OTalk

#OTalk – Tuesday 12th July 2022 – Learning Styles: common sense or a common fallacy?

This #OTalk will be hosted by @smileyfacehalo and @preston_jenny 

Learning styles (Kolb et al, 1984) have traditionally been considered as a key construct particularly in the preparation of students for practice education.  Traditionally students and practice educators have completed questionnaires to help identify their preferred learning styles with the ambition of incorporating these preferences within the learning experience and in some cases even matching practice educators and students on their preferences.  This process led to an understanding that we each learn differently and therefore require different learning experiences.

Advances in theory and evidence are now challenging these perspectives to the extent that some theorists believe that learning styles are nothing more than an imaginary fallacy and do not exist (https://www.youtube.com/watch?v=855Now8h5Rs).  This may feel contentious and challenge the familiar yet there is a need for us to consider alternative perspectives to ensure that we co-create the best learning opportunities for our future workforce.

During this chat we would like to explore the concept of learning preferences and what this means for students particularly in preparation for placements through the following questions:

1.    Are we still teaching students about learning styles and are we still asking students about their preferred learning styles on placement?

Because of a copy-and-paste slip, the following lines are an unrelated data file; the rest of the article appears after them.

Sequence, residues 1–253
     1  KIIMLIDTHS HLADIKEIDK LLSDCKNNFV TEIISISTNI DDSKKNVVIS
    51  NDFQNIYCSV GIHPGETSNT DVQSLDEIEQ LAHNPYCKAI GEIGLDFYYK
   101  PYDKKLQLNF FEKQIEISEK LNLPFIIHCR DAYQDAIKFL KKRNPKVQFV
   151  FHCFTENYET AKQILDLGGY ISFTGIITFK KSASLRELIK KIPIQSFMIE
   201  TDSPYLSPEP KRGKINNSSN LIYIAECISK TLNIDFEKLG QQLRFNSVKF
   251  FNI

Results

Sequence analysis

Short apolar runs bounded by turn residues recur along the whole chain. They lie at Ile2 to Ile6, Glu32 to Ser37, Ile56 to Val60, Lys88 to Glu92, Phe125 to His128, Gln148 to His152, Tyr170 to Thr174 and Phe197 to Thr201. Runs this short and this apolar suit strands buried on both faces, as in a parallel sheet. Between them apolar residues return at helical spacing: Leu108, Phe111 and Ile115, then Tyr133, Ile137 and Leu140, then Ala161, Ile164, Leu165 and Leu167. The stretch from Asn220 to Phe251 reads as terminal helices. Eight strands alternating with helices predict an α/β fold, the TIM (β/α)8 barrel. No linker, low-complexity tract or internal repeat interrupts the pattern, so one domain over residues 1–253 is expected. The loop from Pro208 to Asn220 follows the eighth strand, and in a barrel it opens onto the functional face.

2.   Does this pigeon-hole students into one learning style?

3.  Do you use any other mechanisms to talk about and understand student learning preferences?

4.   What might practice educators ask students, and what information should students bring to placement about their learning preferences and needs?

5.  How do you incorporate this within the learning experience?

6.  What changes are required within the profession to enable an approach that focuses on learning needs and preferences instead of learning styles?

References

Kolb, D. A., Rubin, I. M., & McIntyre, J. M. (1984). Organizational psychology: readings on human behavior in organizations. Englewood Cliffs, NJ: Prentice-Hall

POST CHAT

Host:  @smileyfacehalo and @preston_jenny 

Support on OTalk Account: @smileyfacehalo and @preston_jenny 

Evidence your CPD. If you joined in this chat you can download the below transcript as evidence for your CPD, but remember the HCPC are interested in what you have learnt.  So why not complete one of our reflection logs to evidence your learning?

HCPC Standards for CPD.

  • Maintain a continuous, up-to-date and accurate record of their CPD activities.
  • Demonstrate that their CPD activities are a mixture of learning activities relevant to current or future practice.
  • Seek to ensure that their CPD has contributed to the quality of their practice and service delivery.
  • Seek to ensure that their CPD benefits the service user.
  • Upon request, present a written profile (which must be their own work and supported by evidence) explaining how they have met the Standards for CPD.

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